6 April 2023

Signing away motherhood: why changing the surrogacy law is a step too far


Last week, the Law Commission published a set of recommendations for reforming the law surrounding surrogacy in the UK. The most striking of these is that the intended parents of a baby born through surrogacy should be the legal parents from the moment of birth. Currently the woman who gives birth is always by default the legal mother, unless and until a court order is obtained to hand over parental responsibility. The Commission also wants to scrap the requirement that at least one of the intended parents is a genetic parent of the baby.

A couple of other recommendations add what would seem to be unobjectionable caveats, such as counselling for all parties before any agreement is entered into, and the creation of a register so children born through surrogacy can learn the details of their parentage, if desired, when they grow up.

The Law Commission argues that these are long overdue, common-sense reforms, since the existing law is both ‘outdated’ and ‘cumbersome’. But the recommendations are far from a simple update. They would radically change the legal conception of parenthood in a way that has the potential to affect not just surrogate pregnancies, but the way all mother-child relationships are viewed.

Currently, the law recognises that a woman who gives birth to a baby is always that child’s mother, even if the two are not genetically related (i.e. she is acting as a gestational surrogate). This relationship could in fact be considered the ‘default’ or ‘primary’ parental relationship of any baby born in the UK. Indeed, newborns are typically given a hospital wristband labelling them ‘Baby [Mother’s surname]’: even though most will later go by their father’s surname, in the first hours after birth the question of whose body they just came out of is rightly assumed to be at the forefront of their identity. Fathers, by contrast, are recognised as such via their relationship to a child’s mother: men are listed as fathers on birth certificates if they are married to the mother; if she names him as the father; or if he makes his own application to be added.

These recommendations would see the fact of pregnancy severed from recognition of parenthood, so that pregnancy becomes no longer a relationship between a mother and baby but instead a disembodied service that women provide, interchangeably, for either their own families or for strangers.

This gives rise to the bizarre situation where a woman can give birth to a child to which, if she is a ‘traditional’ rather than ‘gestational’ surrogate, she may also be genetically related; she may therefore be fully in every possible sense the child’s mother, but not recognised as such legally.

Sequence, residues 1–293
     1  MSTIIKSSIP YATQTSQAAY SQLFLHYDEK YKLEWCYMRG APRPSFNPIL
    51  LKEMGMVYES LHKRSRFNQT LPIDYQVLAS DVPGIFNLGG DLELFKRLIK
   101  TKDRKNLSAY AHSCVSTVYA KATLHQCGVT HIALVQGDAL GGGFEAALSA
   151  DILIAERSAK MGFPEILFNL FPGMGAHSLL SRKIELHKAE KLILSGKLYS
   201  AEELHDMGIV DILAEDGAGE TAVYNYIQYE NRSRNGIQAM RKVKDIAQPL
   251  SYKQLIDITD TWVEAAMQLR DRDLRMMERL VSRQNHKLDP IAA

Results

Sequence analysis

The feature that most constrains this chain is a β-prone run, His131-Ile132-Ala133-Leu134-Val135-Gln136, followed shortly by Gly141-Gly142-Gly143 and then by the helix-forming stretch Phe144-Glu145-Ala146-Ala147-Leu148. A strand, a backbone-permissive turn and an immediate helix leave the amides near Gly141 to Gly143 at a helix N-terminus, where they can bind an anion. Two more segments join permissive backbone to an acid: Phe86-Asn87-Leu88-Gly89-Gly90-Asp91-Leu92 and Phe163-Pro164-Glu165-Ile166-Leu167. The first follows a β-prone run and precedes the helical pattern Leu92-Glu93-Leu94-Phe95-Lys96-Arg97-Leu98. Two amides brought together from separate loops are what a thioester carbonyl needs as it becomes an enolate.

A child might even be declared legally motherless from birth (despite having a mother) if the intended parent is a single man, who may not even be the child’s genetic father. The Law Commission’s report apparently sees nothing wrong with this state of affairs.

There is a clear parallel between these recommendations and recent proposals to reform the Gender Recognition Act. Changes that would have allowed people to ‘self identify’ as the opposite sex, or as neither male nor female, were similarly promoted as the obvious thing for progressives to support – just a simple little bit of paperwork clearing away outdated and pointless rules that were cluttering up the place, preventing people from getting on with their lives.

Political parties eagerly signed up to support this reform, seeing it as an easy way to gain progressive cred without having to spend money. However, things were not as simple as they seemed. In England and Wales, the Conservatives shelved the plan after it proved wildly unpopular once the public got wind of it. In Scotland, the SNP were forced to make a humiliating U-turn after the true costs of the proposal – namely, two widely publicised cases of male rapists immediately ‘self identifying’ as women and being placed in women’s prisons – became too obvious to ignore.

In Feminism Against Progress, Mary Harrington argues that modern technologies, combined with market forces, are dissolving the structured fabric of family and society, breaking us down into interchangeable units and monetising the remains. Something similar is being attempted with both of these proposed reforms: pre-existing norms that recognise the salience of our relationships to one another are treated as a natural resource to be mined for political capital. In the case of gender recognition, it’s the idea that males and females are different, and you can’t change from one to the other just by declaring it to be so; for surrogacy, it’s that a mother, who creates a child out of her own flesh and blood, is more than just a special kind of babysitter.

Signing away these norms is seen as a cost-free way to help those who wish to be the opposite sex, or wish to have a baby but are unable to. But cultural norms exist for a reason, and dismantling them is not cost-free. The costs are borne by the women prisoners who find themselves locked up with rapists, and they will be borne by mothers and babies who undergo the trauma of separation for the benefit of others. Politicians should not be seduced by the promise of doing a good deed for free by giving away what is not theirs to give.

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Ellen Pasternack is a writer and researcher.

Columns are the author's own opinion and do not necessarily reflect the views of CapX.